• Business support services:
    facilitate agro-processors’ access to organic markets through improved provision of certification services.
  • Quality:
    introduction of new post-harvest treatment process in order to enhance the quality of medicinal and aromatic plants.

ICT

  • Skills development:
    support the establishment of Albania’s first massive open online course (Almooc), which seeks to generate a pipeline of Albanian ICT software engineers. 
  • Capacity building:
    strengthen the role of Albania’s largest ICT association in providing services to its members and accessing foreign markets.
  • Business Process Outsourcing (BPO):
    promotion - foster awareness of the BPO sector among key public and private stakeholders in Albania and strengthen their ability to promote and advocate for the sector. 

Cross-cutting

  • Skills development:
    facilitate greater collaboration between the private and public sectors to ensure job-seekers meet the skills requirement of the private sector.
  • Fostering foreign direct investment: 
    facilitate the diversification of services of the country’s foreign investors’ association.    

Market system 2

Labour Market Information

  • Media:
    introduce innovative and attractive ways to disseminate labor market information for youth, by supporting media houses to commercially develop and launch radio, TV, print media and online products on labour market information.

Labour market services

  • Private job-matching services:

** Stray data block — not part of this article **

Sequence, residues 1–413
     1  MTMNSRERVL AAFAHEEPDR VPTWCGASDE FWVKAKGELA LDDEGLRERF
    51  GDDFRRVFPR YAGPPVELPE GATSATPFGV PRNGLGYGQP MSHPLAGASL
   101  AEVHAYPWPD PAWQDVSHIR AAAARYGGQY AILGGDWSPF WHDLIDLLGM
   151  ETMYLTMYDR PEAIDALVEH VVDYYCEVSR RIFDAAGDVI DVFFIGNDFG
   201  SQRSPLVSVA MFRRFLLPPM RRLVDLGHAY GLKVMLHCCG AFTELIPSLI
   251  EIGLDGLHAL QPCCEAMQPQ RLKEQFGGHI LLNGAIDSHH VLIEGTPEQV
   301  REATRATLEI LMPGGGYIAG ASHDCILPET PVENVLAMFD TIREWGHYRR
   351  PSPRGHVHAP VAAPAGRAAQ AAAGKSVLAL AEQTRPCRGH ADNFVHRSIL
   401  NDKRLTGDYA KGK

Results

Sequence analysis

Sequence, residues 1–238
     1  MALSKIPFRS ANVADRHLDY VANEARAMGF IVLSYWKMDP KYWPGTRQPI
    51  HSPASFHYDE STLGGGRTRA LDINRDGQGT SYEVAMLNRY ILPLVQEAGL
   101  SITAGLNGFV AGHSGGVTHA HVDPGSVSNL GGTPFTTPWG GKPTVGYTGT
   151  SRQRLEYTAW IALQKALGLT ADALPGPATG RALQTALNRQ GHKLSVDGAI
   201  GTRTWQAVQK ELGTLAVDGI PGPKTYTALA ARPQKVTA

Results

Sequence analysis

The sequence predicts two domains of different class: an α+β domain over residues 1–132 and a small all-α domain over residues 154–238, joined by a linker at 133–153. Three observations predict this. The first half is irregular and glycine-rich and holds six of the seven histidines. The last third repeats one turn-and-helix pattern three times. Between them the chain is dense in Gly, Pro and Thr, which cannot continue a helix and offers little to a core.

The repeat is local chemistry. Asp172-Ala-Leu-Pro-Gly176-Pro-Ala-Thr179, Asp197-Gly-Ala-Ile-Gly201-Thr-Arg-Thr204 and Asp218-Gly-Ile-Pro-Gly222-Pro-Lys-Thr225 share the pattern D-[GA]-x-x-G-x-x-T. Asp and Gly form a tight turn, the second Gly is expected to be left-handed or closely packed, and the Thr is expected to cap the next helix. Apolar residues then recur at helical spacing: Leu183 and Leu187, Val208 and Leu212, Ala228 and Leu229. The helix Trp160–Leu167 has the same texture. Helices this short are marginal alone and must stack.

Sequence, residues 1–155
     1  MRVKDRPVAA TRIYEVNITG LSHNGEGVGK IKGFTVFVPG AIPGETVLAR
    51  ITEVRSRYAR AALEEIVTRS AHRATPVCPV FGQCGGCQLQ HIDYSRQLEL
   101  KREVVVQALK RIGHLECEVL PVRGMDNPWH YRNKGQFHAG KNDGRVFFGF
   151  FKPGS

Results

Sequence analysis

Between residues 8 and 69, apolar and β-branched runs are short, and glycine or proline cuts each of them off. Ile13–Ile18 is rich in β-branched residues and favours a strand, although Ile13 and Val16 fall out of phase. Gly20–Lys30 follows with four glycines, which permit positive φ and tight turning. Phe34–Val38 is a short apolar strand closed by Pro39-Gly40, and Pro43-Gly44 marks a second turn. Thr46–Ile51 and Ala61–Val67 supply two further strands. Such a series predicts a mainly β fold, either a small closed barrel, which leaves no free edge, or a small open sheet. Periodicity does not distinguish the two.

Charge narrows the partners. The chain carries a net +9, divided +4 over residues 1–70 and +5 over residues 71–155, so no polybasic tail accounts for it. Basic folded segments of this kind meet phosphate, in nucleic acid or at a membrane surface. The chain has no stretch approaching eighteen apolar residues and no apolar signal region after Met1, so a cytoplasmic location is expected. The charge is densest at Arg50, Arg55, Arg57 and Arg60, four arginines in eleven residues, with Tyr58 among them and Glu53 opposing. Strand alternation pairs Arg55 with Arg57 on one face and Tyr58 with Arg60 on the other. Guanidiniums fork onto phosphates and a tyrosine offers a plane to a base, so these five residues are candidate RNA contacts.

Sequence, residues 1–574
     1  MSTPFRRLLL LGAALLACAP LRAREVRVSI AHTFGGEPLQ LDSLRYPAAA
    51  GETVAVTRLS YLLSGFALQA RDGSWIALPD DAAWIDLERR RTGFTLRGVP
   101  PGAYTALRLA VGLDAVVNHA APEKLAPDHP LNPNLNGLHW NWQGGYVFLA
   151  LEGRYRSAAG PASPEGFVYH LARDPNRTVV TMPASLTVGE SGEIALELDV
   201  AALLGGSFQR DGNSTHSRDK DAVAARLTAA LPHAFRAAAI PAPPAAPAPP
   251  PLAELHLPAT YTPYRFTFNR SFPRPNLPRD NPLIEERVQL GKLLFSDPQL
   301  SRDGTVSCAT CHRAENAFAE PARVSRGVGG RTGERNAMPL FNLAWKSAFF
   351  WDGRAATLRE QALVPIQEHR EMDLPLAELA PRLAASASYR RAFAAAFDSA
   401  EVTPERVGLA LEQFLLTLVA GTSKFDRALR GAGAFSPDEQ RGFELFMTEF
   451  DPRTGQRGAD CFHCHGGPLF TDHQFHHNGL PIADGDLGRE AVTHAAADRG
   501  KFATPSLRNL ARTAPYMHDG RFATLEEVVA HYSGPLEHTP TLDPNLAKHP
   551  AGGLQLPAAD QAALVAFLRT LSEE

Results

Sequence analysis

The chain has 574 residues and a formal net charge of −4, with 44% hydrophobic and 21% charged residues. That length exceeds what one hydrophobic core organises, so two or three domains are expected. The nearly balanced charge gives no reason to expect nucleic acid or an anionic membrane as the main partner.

develop business models of private job-matching services to diversify and professionalise their services to job seekers and employers.
  • Public employment services:
    enhance the performance of public employment bureaus by introducing improved job matching services and management systems.  
    Note: Public employment bureaus are public employment agencies which help registered unemployed people find a job; they provide counselling and training among other services.

Notable results (systemic change, poverty impact)

Market system 1

Results from June 2017:

  • 800 full-time equivalent (FTE) jobs created (held by more than 1,120 people, 53 per cent women).
  • USD $6’890,000 in private sector investment generated. 
  • 9,700 youth have improved their skills in the targeted sectors (Measured in terms of youths who have completed a given course satisfactorily).

Market system 2

  • 5,378 (51 per cent women) youth have found a job through the supported public and private job-matching services.
  • 86,579 ( 51 per cent women) youth  use public and private job-matching services.
  • 4,060 businesses use public and private intermediation services.
  • 400 media products (TV, print, online, radio) disseminated on labour market information.
  • Labour market information was disseminated to well over 110,000 people, with 78,000 people changing their perception about jobs and careers and 35,000 reporting that the media products have changed their employment seeking behaviour. Regarding sustainability: two media outlets continue to produce and disseminate labour market information (LMI) after the project’s support and four have developed new LMI products independently of project support.